Introducing the Neurofinity Surgical NeuroDiscovery Group

 

The Neurofinity Surgical NeuroDiscovery Group is an academic neurosurgery research group located within the School of Surgery, University of Western Austtralia and the Neurosurgical Service of Western Australia based at Sir Charles Gairdner Hospital. Chris Lind established the group after taking responsibility for Functional Neurosurgery at Sir Charles Gairdner Hospital in 2007.

Using state of the art surgical techniques the group's focus is neuroscientific discovery based on exquisitely accurate electrode placement during deep brain stimulation surgery. The three tenets of the group's research are:

  1. The development of exquisitely accurate delivery of electrodes and catheters to brain structures,
  2. Translational research from the laboratory to the bedside, and
  3. Neuroscientific discovery. Neurodiscovery is possible when the accuracy of a surgical intervention can be individually confirmed and the neurological effects measured within a scientifically controlled environment.

The Surgical NeuroDiscovery Group provides the State clinical service to people in whom stereotactic or functional neurosurgery may offer hope.  We provide a service to both insured and uninsured patients. The Group includes neurosurgeons, neuroscientists and neuroscience nursing staff dedicated to furthering the functional neurosurgical treatment of neurological disorders. We have growing clinical and scientific collaborations within Perth, Australia and internationally.  Our research programmes focus on both clinical Deep Brain Stimulation Surgery and laboratory research exploring stereotactic convection-enhanced delivery of highly targeted treatments for disorders such as Parkinson's disease.

 

  Sir Charles Gairdner Hospital Logo
 

University of Western Australia

The Group

 

Prof. Christopher Lind FRACSSection divider

Consultant Neurosurgeon
Neurosurgical Service of Western Australia
Sir Charles Gairdner Hospital & Royal Perth Hospital

Professor
School of Surgery
University of Western Australia

Chris with his kids.

Dr Meghan Thomas PhDSection divider

Research Scientist

Parkinson's Centre
Faculty of Computing, Health and Science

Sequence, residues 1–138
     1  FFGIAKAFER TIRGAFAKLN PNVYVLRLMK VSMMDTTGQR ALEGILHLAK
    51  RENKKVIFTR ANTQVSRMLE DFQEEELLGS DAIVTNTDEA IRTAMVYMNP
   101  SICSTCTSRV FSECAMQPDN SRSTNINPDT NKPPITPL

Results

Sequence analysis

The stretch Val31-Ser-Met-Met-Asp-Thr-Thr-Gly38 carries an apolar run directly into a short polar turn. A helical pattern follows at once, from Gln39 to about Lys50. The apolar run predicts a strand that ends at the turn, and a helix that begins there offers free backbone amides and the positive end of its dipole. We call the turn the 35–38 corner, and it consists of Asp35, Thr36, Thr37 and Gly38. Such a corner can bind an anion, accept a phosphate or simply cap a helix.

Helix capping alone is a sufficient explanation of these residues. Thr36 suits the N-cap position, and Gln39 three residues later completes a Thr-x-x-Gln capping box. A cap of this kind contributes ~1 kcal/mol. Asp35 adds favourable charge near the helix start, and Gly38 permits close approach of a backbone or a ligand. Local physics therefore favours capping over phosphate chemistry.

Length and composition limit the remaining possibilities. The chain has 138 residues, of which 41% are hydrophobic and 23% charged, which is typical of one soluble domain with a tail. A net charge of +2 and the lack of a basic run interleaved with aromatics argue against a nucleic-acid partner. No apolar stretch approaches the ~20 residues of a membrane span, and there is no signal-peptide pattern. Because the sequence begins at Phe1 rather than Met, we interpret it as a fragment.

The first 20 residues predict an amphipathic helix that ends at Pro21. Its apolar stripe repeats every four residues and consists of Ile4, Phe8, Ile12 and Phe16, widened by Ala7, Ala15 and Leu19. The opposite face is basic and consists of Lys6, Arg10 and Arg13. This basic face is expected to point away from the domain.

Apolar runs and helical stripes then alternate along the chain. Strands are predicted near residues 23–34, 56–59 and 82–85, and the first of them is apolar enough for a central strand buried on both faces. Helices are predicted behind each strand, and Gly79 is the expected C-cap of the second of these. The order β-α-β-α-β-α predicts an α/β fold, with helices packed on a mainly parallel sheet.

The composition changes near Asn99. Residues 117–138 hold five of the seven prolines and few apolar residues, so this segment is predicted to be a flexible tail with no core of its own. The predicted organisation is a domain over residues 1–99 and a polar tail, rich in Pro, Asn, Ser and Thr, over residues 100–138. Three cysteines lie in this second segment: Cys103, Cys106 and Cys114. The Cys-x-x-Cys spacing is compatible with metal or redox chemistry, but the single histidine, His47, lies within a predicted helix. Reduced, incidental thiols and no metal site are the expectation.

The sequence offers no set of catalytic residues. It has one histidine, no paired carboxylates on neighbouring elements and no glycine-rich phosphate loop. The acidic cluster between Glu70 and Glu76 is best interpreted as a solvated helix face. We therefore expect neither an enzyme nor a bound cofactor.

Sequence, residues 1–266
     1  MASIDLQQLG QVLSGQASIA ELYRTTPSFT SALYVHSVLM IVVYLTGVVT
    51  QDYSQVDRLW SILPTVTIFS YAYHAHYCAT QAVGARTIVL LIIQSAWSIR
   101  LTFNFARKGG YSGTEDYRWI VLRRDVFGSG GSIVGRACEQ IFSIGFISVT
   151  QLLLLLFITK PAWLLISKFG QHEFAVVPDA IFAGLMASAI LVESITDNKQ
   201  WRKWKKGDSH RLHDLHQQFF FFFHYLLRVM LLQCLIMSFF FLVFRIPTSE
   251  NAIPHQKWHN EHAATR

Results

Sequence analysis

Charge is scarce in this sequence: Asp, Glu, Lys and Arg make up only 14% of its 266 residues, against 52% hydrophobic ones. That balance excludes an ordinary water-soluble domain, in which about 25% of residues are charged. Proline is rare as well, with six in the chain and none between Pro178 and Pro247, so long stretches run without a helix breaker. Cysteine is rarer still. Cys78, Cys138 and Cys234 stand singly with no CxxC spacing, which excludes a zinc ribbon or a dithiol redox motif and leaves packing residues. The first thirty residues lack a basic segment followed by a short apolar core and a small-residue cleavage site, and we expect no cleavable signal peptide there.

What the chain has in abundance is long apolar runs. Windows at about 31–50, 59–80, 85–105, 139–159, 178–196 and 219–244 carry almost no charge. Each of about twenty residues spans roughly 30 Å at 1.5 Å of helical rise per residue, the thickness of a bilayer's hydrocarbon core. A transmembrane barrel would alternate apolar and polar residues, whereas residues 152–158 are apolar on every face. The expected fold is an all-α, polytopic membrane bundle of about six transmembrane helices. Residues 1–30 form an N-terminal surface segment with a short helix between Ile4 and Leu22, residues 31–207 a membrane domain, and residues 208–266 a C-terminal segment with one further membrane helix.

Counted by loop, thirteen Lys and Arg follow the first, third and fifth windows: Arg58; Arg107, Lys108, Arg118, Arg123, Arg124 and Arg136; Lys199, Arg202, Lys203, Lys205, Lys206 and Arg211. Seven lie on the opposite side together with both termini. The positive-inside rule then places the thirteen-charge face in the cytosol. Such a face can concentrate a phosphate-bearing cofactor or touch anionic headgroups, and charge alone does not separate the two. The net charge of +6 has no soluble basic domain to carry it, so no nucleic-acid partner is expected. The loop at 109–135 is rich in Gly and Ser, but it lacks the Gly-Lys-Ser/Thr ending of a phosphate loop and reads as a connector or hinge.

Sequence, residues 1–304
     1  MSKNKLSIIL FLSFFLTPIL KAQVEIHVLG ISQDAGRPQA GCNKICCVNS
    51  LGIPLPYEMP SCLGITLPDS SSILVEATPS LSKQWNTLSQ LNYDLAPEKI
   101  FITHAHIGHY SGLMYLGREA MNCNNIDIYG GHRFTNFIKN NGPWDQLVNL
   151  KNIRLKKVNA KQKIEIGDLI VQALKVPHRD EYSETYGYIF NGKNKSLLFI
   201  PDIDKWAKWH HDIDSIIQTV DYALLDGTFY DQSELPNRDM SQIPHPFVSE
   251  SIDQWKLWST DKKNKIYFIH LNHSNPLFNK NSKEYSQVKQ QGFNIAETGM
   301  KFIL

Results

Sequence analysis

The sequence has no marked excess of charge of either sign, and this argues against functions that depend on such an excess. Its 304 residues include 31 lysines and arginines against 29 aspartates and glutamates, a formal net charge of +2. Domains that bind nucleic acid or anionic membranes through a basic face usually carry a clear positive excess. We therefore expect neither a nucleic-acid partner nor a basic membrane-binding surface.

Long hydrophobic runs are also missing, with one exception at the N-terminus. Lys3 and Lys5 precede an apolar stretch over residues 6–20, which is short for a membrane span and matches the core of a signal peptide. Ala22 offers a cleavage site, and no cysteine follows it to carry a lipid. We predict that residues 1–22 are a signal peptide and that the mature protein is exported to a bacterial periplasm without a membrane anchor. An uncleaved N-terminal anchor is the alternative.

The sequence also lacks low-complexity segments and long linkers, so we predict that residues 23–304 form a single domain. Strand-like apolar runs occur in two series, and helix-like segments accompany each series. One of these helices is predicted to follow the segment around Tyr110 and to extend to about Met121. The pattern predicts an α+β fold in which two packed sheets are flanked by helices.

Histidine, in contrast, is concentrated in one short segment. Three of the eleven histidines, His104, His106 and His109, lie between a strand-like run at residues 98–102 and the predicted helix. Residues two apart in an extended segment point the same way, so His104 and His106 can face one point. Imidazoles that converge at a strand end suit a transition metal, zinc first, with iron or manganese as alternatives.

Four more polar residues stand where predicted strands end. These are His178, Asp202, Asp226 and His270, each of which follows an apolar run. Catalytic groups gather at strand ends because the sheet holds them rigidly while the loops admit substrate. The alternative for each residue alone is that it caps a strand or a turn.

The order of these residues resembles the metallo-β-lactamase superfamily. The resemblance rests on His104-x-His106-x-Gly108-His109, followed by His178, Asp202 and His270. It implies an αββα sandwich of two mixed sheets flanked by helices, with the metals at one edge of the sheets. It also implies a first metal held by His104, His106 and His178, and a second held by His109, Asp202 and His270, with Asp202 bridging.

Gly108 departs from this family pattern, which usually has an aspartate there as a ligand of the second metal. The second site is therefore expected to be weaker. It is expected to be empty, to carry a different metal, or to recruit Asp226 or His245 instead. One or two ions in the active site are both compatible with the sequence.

Edith Cowan University

School of Animal Biology
University of Western Australia


Dr Meghan Thomas

Mr Arul Bala FRACSSection divider

Surgical NeuroDiscovery Research Fellow
Neurosurgical Service of Western Australia
Sir Charles Gairdner Hospital
Dr Arul Bala

Dr Mark Miu Fei Lam MB BSSection divider

Surgical NeuroTranslational Research Fellow
Neurosurgical Service of Western Australia
Sir Charles Gairdner Hospital & UWA School of Surgery
 

Dr Nova Thani MB BSSection divider

Surgical NeuroDiscovery Research Fellow
Neurosurgical Service of Western Australia
Sir Charles Gairdner Hospital

Nova Thani portrait

Megan ThorburnSection divider

Clinical Nurse Consultant
Epilepsy & Movement Disorders
Sir Charles Gairdner Hospital

 

Kate SnedkerSection divider

Clinical Nurse Specialist
Ward G66
Sir Charles Gairdner Hospital

 
Surgical NeuroDiscovery Group Moves to Ward G66
Monday, 24 May 2010 22:14
This month Kate Snedker and team moved from Ward G51 to Ward G66 to focus her nursing team more on functional and spinal neurosurgery. G66 is smaller than G51 and the team can specialise without the need to take care of a medical pod or general orthopaedics.
 
Congratulations to Arul Bala
Monday, 24 May 2010 21:57
Arul Bala, the Group's first Surgical NeuroDiscovery Fellow, is now Mr Arul Bala, FRACS. Today Mr Bala successfully completed the grueling Fellowship of the Royal Australasian College of Surgeons part 2 exam. This makes him the latest fully trained neurosurgeon to graduate from the Neurosurgical Service of Western Australia. Mr Bala is continuing to work with the Surgical NeuroDiscovery Group until mid-2011 before he gains further specialist experience overseas.
 
Society for CNS Interstitial Delivery of Therapeutics
Thursday, 23 July 2009 20:06